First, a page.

Defense Expert Says ‘Serial' Defendant's Trial Counsel Deficient

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By Jessica DaSilva

The post-conviction hearing for Adnan Syed heated up today as a defense expert stated his trial counsel provided constitutionally deficient representation and a state's witness undermined a second claim based on mobile phone records.

Syed was convicted in 2000, when he was 18 years old, for the murder of his ex-girlfriend Hae Min Lee, and he has maintained his innocence ever since. He was featured in National Public Radio's “Serial” podcast, which examined the evidence in his case.

Sean Gordon, an investigator hired by the defense, testified that of the 83 people on an alibi notice list, he managed to contact 41. Out of those, he said four spoke to Syed's trial counsel Cristina Gutierrez. None of them said she ever asked them for an alibi, he added.

This list came under fire because “Serial” creator Sarah Koenig interviewed a member of Syed's track team who said neither police nor Gutierrez contacted him to confirm Syed's alibi that he attended track practice the day of the murder.

However, the state introduced evidence of handwritten notes from someone at Gutierrez's firm indicating they contacted all the members of the track team, leaving messages with parents and voicemails. Gordon said he couldn't be sure that Gutierrez contacted them, as he couldn't identify her handwriting.

Defense attorneys also questioned Michelle Hamiel, former branch manager of the Woodlawn Public Library where Asia Chapman—then McClain—claimed she saw Syed during the time of the murder.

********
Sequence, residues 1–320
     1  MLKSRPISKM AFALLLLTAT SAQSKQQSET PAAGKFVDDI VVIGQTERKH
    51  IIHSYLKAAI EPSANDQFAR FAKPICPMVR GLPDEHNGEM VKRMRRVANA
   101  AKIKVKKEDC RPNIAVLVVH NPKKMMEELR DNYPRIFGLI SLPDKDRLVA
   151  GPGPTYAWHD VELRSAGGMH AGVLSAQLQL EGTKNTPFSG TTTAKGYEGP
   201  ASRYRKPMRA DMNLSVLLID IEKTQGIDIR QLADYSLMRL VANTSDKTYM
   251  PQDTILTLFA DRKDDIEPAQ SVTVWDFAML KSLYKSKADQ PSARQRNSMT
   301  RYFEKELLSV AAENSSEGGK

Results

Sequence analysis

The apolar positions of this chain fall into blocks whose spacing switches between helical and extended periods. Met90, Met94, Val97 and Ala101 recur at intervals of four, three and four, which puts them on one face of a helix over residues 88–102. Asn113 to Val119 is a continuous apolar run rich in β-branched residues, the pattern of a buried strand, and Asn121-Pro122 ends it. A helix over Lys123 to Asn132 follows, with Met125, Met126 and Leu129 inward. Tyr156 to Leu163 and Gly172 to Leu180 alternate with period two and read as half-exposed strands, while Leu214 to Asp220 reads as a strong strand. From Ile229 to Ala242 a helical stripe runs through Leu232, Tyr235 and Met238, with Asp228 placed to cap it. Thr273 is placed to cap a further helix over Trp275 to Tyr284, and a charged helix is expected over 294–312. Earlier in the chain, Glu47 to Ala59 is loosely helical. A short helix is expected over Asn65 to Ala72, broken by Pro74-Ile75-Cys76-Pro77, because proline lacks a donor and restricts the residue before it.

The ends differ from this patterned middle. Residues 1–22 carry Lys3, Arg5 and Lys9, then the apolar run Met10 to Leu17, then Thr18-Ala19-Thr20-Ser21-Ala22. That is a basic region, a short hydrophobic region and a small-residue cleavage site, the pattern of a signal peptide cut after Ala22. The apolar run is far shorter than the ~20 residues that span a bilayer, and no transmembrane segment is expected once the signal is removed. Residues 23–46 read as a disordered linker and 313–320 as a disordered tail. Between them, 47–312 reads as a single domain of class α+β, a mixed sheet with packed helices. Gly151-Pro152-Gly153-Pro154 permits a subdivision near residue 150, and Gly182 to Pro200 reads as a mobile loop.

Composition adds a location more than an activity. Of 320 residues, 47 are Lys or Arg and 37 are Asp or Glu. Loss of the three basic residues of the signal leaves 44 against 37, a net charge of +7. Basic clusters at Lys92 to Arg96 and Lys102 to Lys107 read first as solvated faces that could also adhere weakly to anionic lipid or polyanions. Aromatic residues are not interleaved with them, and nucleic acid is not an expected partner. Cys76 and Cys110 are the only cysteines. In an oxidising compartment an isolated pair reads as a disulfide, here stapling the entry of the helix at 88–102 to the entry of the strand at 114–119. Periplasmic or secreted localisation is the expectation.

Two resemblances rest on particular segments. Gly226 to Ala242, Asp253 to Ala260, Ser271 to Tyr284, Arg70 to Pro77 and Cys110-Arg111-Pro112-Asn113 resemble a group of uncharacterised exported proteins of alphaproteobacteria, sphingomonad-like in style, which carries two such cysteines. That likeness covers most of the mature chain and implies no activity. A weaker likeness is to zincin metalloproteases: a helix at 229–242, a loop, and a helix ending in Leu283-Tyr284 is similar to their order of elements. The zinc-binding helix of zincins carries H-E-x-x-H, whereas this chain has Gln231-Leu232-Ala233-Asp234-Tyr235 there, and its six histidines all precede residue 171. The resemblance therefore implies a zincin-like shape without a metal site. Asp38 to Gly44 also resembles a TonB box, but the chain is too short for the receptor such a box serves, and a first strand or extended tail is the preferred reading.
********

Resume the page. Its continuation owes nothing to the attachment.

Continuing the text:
Hamiel told attorneys that the library definitely had surveillance videos, but the tapes were wiped every month.

Strickland Test Met, Witness Says

The most legally significant testimony came from two experts: one in criminal defense work and the other in reading mobile phone records.

David Irwin, an attorney with extensive experience in both prosecution and criminal defense work, said Gutierrez provided constitutionally deficient counsel that fail the two-pronged test set out by the U.S. Supreme Court in Strickland v. Washington, 466 U.S. 668 (1984).

By not investigating Chapman's testimony after Syed received letters from her in jail within a week of his arrest, Gutierrez's performance fell below the minimum standard of care, Irwin said.

“It was a game changer,” Irwin said of McClain's testimony. “It would have made an incredible difference in the outcome of the case.”

Explaining that alibi testimony is the second-best evidence after video surveillance, Irwin said no tactical reason could ever explain or justify Gutierrez's failure to follow up on those letters.

Defense Cell Site Expert Contradicted.

Due to scheduling, the defense paused their case to allow the state to bring forward a mobile phone expert from the FBI.

Special Agent Chad Fitzgerald contradicted the defense's expert on two sets of mobile phone records. One set contained redacted information and the other didn't have redactions, but contained fewer details unrelated to location.

Syed's team claims the testimony of a cell tower expert at trial was incorrect because he wasn't provided a fax cover sheet that stated locations could only be determined using outgoing calls, rather than incoming calls.

The defense expert said this undermined the state's entire theory of the case, which heavily relied on those locations for Syed's mobile phone.

However, Fitzgerald said the cover sheet only applied to the redacted records, which had extraneous information mentioned in the fax cover sheet. The cover sheet then served as a legend, using abbreviations to reference specific columns of information on the redacted reports not included in the other set, he testified.

The hearing was continued for Monday, Feb. 8 at 9:30 a.m. You can follow developments on Twitter @jdasilva.

A recap of the Feb. 4 testimony is available at

A recap of the Feb. 3 testimony is available at

An interview with Jessica DaSilva about the hearing is available at

To contact the reporter on this story: Jessica DaSilva at

To contact the editor responsible for this story: C. Reilly Larson at

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